Mike Adams

My name is Mike Adams. I’m honored to have been elected mayor of Salem, Massachusetts at this seminal point in history as we struggle to eradicate intolerance and prejudice towards gays, bisexuals, lesbians, and transgendered persons. Members of the GBLT community (hereafter: Giblets) are in need of our support. But they cannot go it alone. They need the support of the government as well.

I have been inspired by the recent efforts of the Mayor of Boston who has the courage to say that intolerance will not be tolerated in Massachusetts. He is a prescient man. He knows that people who hold disapproving views of sexual minorities will eventually begin to subject them to discrimination. He knows that those who serve chicken may someday decide not to serve Giblets. And he knows that because of what they might do, they must be banned in Boston immediately. In other words, it is often necessary to engage in prejudgments if one is going to prevent prejudice. And discrimination must be used as a means of preventing discrimination. The mayor’s steps are encouraging but they do not go far enough. So, today, I am proposing a new series of criminal procedures that will be invoked against restaurant owners who may hold negative attitudes toward the Giblet community. My specific proposals follow in their entirety:

1. After someone concludes that a restaurant owner may, in fact, be homophobic, the accuser will simply enter a complaint with the local magistrates. If the complaint is deemed credible, the magistrates will have the person arrested and brought in for a public examination. If the magistrate is satisfied that the complaint is well-founded, the prisoner will be handed over to superior court. I will then petition the governor to re-establish a Court of Over and Terminer.

2. A person can potentially be indicted for afflicting someone with homophobia or for making an unlawful covenant with God in a church that does not allow everyone to make a similar covenant. Once indicted, the defendant will go to trial, preferably the same day.

3. If indicted, judges will apply peine forte et dure, in which stones will be piled on the accused’s chest until he can no longer breathe. If he is able to speak, the accused may plead not guilty and receive a jury trial. The jury will be comprised of a subset of those who brought forth the true bill resulting in the original indictment.

4. The evidence at trial will generally be comprised of the testimony of those afflicted by the practitioners of homophobia. In court, we will also rely heavily on the touch test, which was once used in Massachusetts. If the accused homophobe touches the Giblet while the Giblet is having a fit, and the fit then stops, that will mean the accused is the person who has afflicted the victim. It will demonstrate that they wielded power over them. But it will not be the only evidence deemed admissible in court.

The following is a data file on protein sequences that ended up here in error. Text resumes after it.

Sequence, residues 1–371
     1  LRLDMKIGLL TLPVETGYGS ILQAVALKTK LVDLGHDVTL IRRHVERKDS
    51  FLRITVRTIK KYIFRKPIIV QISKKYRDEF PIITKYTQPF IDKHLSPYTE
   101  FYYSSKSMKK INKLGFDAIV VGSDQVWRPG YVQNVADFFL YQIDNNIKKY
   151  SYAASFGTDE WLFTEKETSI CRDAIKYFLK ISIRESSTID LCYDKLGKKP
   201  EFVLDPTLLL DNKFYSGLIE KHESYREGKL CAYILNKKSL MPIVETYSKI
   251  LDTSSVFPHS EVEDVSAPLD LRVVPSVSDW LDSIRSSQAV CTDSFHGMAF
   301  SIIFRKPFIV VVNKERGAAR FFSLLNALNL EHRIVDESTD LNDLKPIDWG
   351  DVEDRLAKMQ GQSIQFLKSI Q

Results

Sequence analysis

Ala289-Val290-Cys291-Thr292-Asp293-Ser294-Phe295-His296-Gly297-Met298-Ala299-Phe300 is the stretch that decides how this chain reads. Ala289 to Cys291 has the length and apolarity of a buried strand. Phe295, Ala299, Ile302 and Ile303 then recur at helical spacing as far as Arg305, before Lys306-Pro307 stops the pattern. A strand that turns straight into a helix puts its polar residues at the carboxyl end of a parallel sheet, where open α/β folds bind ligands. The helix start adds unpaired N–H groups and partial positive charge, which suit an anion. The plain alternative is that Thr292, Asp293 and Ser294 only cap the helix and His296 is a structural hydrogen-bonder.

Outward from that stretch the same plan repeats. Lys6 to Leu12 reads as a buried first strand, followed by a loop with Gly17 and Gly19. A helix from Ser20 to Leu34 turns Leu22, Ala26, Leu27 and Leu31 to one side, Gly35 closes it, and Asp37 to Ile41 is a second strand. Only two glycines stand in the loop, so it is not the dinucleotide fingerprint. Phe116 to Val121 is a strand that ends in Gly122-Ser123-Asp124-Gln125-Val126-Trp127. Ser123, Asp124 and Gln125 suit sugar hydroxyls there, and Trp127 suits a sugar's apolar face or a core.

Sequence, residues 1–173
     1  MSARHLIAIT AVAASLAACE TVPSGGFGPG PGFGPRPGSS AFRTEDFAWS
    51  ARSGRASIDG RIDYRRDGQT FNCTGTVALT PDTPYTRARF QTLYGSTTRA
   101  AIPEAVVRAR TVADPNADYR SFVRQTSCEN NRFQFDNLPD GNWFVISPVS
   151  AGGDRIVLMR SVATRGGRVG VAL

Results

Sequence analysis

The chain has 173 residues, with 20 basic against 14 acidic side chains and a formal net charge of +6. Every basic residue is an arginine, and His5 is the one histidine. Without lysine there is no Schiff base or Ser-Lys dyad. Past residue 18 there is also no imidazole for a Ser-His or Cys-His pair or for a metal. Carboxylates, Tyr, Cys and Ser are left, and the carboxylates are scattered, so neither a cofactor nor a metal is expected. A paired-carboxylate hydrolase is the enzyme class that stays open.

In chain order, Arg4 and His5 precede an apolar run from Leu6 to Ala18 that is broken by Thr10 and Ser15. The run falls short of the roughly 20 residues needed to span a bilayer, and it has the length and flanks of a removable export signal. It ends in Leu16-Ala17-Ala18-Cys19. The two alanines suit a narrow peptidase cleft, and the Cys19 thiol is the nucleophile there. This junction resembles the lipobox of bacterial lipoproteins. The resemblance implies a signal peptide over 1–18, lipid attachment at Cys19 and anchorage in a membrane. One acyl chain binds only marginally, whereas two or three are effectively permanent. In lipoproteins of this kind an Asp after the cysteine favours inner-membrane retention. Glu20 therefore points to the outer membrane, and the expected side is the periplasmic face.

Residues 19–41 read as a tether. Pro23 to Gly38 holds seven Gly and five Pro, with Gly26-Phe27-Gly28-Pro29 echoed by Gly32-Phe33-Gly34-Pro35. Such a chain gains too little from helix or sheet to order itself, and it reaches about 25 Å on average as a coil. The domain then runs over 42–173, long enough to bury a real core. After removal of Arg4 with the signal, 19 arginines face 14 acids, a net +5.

5. Other evidence will potentially include: the confessions of the accused, the testimony of a person who confessed to being a homophobe identifying others as homophobes, and the existence of homophobe's teats on the body of the accused. A homophobe's teat is a mole or blemish somewhere on the body that is insensitive to touch. The discovery of such insensitive areas will be considered de facto evidence of homophobia, which is a form of insensitivity.

If convicted, appeal is allowed in which convicts will be subjected to an older and more established set of procedures known as Trial by Ordeal. (This is a slight modification we will call Appeal by Ordeal. It is justice with a poetic ring). The specific rules for appeal follow in their entirety:

1. The appellant may walk a nine feet, over glowing ploughshares, heated over an open fire. Innocence will be established by a complete lack of injury.

2. If the appellant is afraid of fire, he may instead remove a stone from a pot of boiling water, oil, or lead. Again, a lack of injury will establish innocence. People can reasonably disagree on a variety of issues such as the use of split infinitives. But no one should be expected to have his, her, or its food prepared by someone who disapproves of sodomy. Just as we must purge the food industry of people who prepare meals with unclean hands, we must also remove those who prepare meals with unclean thoughts.

Massachusetts has always been ahead of its time. It only makes sense that we should lead the long march through our economic and social institutions.


Mike Adams

Mike Adams is a criminology professor at the University of North Carolina Wilmington and author of Letters to a Young Progressive: How To Avoid Wasting Your Life Protesting Things You Don't Understand.